Keys to responding amid a brand crisis

That journalist wants answers now, because the story about your organization is about to go live. Are you prepared? Here are ways to deal with pressing questions from media outlets.

It’s been proven time and again that the best way to handle a crisis is through proactive preparation, not reactive answers.

Although a brand-damaging event can’t always be avoided, your team’s response to journalists when they catch you off guard or ask tough questions can steer the conversation.

If you haven’t prepared for a crisis before you receive the first phone call from a media outlet, not all hope is lost. Here’s how to handle tough questions and maintain control:

Stay calm, and put your game face on.

Stutters, awkward intonations and incomplete sentences have no place in PR. It can be hard to maintain your game face when a reporter catches you off guard, but it’s important to keep your cool and be articulate and confident.

Take deep breaths, listen carefully, and take notes. This can help you provide the best answers.

Don’t feel pressured to give answers at that very moment.

I once had a reporter call me and leave a vague message about something that smelled like a crisis. Because I didn’t have the full details, I emailed him to ask for more information. The moment I emailed, he called me on my desk phone.

Instead of getting flustered, I explained that I was happy to chat but wanted to get the full picture so that I could get him the requested information—all approved internally and within his deadline. I said that if he gave me the questions beforehand, I could make sure he got exactly what he was seeking from the appropriate person.

This afforded me time to evaluate what was going on and get messaging together quickly. It also showed that I respected his time and wanted to be helpful.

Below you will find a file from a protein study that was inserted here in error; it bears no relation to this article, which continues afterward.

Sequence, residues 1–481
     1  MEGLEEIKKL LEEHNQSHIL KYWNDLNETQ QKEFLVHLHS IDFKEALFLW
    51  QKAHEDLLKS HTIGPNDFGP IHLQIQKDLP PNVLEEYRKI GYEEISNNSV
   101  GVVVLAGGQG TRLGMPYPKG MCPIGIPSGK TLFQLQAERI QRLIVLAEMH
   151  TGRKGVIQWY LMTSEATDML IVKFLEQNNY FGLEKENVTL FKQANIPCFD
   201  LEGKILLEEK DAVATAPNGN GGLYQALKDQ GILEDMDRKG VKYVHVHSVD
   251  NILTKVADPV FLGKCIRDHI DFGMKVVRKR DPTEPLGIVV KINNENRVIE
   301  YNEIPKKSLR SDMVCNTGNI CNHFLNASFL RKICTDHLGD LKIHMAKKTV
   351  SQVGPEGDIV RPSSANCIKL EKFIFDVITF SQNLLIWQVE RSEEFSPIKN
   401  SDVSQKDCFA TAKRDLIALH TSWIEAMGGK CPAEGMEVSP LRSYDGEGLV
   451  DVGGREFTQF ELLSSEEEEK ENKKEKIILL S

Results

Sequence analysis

If you don’t have complete answers, make sure to get them before you share information.

Journalists are looking for the full story, and they know what questions to ask. Once you’ve learned what the inquiry is about, do a run-through of any follow-up questions the reporter might ask.

Start with the five Ws (who, what, where, when, why), and do some critical thinking about possible causes and implications. Even though reporters might not ask all those questions, preparing for them will help you answer completely and without hesitation.

On the other hand, make sure you’re not giving away too much, such as confidential information or something executives haven’t approved for external dissemination.

Correct misinformation-without becoming defensive.

Remember the point about listening carefully? Triple-check any facts or information cited by journalists in a conversation, especially if a brand spokesperson is misquoted or untrue information is shared. Mention it to the reporter, and suggest a correction.

Remember to correct misstatements—not offer opinions or commentary. Doing the latter can make the reporter feel that you’re trying to control their story, which can produce a negative outcome.

Queue up and brief the right spokespeople before you ever hand them over to journalists.

When the communications professional isn’t the appropriate person to provide comments, it’s natural to turn to executives or other leaders. Though this is a great way to get the journalist the most accurate information possible, you should carefully consider the preparation of the spokesperson during the potential crisis.

Can he or she answer difficult questions calmly and with the right amount of detail? Can you offer quick guidance if there are stumbles? If not, consider a quick messaging briefing with the spokesperson to make sure the talking points are sound, or simply find someone else.

Be as transparent as possible.

One mistake PR pros might make is not being honest. If you’re asked a question for which you don’t have the answer, it’s OK to say: “You know, I’m not totally sure. I’m happy to find out the right answer and get back to you soon.”

Showing journalists that you’re willing to do legwork for them will increase the chances that they’ll contact you when there’s no crisis, building the relationship and keeping you as a source.

Be as available as possible.

The news never sleeps. Journalists might want to reach you during non-business hours.

Make sure contact information is in multiple places, including ways to reach you (or another contact) after hours. Put contact information on your website, and include alternative channels (cellphone, Twitter, etc.) in your email signature. That way, you’ll get every opportunity to give your organization’s side of the story.

Although controlling the message about your brand is no longer possible, knowing how to answer tough questions can help you defend your brand during a crisis.

Stacey Miller is the director of communications at Cision. Follow her @staceylamiller. A version of this article originally appeared on Beyond PR.

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